GLOUCESTER, Mass. -- Exchanging nuptials during the middle of a blizzard warning is far from ideal, but that’s just what one couple did in Gloucester, Mass., over the weekend.

Elizabeth Cullinan and Thomas Walsh held their wedding Saturday night with overnight accommodations at the area's Rockport Inn and Suites, according to the Rockport accommodation’s general manager, Matt Anzivino.

Despite the snow that started after the ceremony, William Cullinan, the father of the bride, said the wedding party headed to nearby beach for pictures, where the wedding photographer got quite a surprise.

“The photographer fell thigh-deep into the snow,” he said.

The plans had been made months in advance and there was no turning back, Anzivino said.

William Cullinan said his daughter had picked the February weekend, which centered on Valentine’s Day, since prices for venues and accommodations in Gloucester are much higher during the warmer months.

With 100 people on the way from as far away as Germany and 48 rooms in the inn reserved, Anzivino said he and his staff had to find some ways to make guests feel comfortable despite the snow and wind that came with Saturday into Sunday’s storm.

The most recent weather event brought another 18 inches of snow to the area, reports show, the fourth storm within three weeks. The city’s and surrounding area’s total snow count for the storms now stands at between seven and eight feet total.

“We knew the storm was coming in,” Anzivino said, adding that he and his staff were “concerned about not having power” and guests not being able to leave Sunday.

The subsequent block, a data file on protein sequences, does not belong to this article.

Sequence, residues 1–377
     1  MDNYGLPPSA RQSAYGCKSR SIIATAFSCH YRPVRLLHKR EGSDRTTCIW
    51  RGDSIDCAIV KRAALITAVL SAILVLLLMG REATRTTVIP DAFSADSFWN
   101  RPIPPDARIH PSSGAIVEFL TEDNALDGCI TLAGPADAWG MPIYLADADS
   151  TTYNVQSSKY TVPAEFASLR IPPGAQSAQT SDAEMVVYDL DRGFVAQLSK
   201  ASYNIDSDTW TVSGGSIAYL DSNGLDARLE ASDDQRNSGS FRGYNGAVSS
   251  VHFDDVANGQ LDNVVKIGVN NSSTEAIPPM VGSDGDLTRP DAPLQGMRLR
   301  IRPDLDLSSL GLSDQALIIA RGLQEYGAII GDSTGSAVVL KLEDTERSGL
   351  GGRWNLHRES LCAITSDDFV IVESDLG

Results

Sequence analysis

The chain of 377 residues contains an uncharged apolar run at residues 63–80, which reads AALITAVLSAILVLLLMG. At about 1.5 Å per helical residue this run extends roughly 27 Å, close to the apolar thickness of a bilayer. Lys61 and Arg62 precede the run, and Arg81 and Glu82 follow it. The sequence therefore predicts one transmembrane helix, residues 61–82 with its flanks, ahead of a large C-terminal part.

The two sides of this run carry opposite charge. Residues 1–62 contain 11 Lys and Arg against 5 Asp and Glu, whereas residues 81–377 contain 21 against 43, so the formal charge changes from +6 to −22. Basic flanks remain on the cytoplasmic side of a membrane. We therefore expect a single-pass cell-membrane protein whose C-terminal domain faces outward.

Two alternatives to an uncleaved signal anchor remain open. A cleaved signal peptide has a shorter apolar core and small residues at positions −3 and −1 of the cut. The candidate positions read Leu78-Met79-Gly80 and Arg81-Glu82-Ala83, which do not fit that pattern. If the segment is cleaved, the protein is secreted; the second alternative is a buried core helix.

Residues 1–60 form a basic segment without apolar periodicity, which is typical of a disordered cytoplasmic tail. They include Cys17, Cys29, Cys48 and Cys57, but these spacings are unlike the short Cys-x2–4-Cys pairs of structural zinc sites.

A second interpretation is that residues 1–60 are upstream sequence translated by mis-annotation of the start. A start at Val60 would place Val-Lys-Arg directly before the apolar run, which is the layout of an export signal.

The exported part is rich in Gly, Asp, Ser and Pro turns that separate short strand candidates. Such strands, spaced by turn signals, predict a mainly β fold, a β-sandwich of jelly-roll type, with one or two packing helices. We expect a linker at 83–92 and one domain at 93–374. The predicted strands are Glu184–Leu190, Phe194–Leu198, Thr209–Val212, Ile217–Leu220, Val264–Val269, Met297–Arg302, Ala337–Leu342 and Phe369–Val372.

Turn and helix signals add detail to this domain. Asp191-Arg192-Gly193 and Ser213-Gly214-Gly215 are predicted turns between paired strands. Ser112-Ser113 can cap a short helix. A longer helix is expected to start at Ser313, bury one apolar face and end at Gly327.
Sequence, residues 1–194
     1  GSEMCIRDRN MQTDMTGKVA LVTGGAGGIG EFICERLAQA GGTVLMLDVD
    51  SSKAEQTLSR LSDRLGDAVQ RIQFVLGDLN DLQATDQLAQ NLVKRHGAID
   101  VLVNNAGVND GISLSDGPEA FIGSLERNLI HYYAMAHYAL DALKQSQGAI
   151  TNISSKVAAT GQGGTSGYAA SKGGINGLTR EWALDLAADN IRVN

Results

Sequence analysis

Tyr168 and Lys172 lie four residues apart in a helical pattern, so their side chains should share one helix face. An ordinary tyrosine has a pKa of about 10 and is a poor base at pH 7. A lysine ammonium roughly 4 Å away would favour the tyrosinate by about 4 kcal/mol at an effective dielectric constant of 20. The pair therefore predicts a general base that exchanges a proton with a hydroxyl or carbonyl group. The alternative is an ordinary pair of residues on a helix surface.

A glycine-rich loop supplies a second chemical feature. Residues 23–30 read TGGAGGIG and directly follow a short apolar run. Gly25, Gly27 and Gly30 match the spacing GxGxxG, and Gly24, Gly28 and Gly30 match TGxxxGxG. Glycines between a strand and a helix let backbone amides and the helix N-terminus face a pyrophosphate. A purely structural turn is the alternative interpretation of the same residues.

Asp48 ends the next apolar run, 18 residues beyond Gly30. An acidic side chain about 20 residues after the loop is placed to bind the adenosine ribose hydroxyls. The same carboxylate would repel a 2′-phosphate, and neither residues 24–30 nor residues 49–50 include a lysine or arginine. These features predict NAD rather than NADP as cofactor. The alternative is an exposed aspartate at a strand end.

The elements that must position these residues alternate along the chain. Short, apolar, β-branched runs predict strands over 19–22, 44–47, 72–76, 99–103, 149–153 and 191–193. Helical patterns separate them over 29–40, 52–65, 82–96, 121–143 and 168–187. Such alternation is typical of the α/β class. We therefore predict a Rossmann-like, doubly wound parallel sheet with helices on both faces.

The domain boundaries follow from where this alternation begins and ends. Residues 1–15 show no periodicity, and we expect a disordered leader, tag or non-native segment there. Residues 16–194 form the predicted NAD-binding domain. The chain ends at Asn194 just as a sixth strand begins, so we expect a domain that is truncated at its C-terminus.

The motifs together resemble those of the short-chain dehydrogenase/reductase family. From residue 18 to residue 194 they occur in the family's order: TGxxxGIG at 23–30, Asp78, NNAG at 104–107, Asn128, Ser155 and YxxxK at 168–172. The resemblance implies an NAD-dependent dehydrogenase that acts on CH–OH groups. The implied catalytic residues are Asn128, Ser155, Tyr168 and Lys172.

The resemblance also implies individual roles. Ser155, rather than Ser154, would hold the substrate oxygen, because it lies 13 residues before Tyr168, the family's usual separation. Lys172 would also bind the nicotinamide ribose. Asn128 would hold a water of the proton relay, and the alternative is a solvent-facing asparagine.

Non-traditonal fare

With that in mind, Anzivino said inn workers headed to stores and stocked up on food that could be served for lunch and dinner Sunday in addition to the breakfast the inn already offers.

This meant cold cuts, hot dogs and pastries were brought in for the potentially snowed-in guests to eat, Anzivino said.

A gas stove downstairs in the inn would also allow guests to cook frozen pizzas, if necessary.

But even getting back in the inn Saturday night after the wedding was finished was difficult, Anzivino said.

“The bus couldn’t make it up the driveway,” Anzivino said, referring to the shuttle between nearby Cruiseport and the inn. Employees went out and shoveled a path so the guests — many still in their heels or party shoes — could get inside. Six inn workers stayed overnight, Anzivino said, along with himself.

Boosted spirits

Cullinan said the attitudes of the inn workers helped keep everyone’s spirits up, despite the severe weather.

“It’s hard to put into words,” he said.

By around 11 a.m. or noon Sunday, the inn was shoveled out from the storm and cars were cleaned off. Those who decided to stay another night were given a 50 percent off discount on their rooms, he added.

“We’ve always had groups come stay with us, always had severe winter weather,” Anzivino said, though he added that the combination of both hadn’t happened before.

MacNeill writes for the Gloucester (Mass.) Times.

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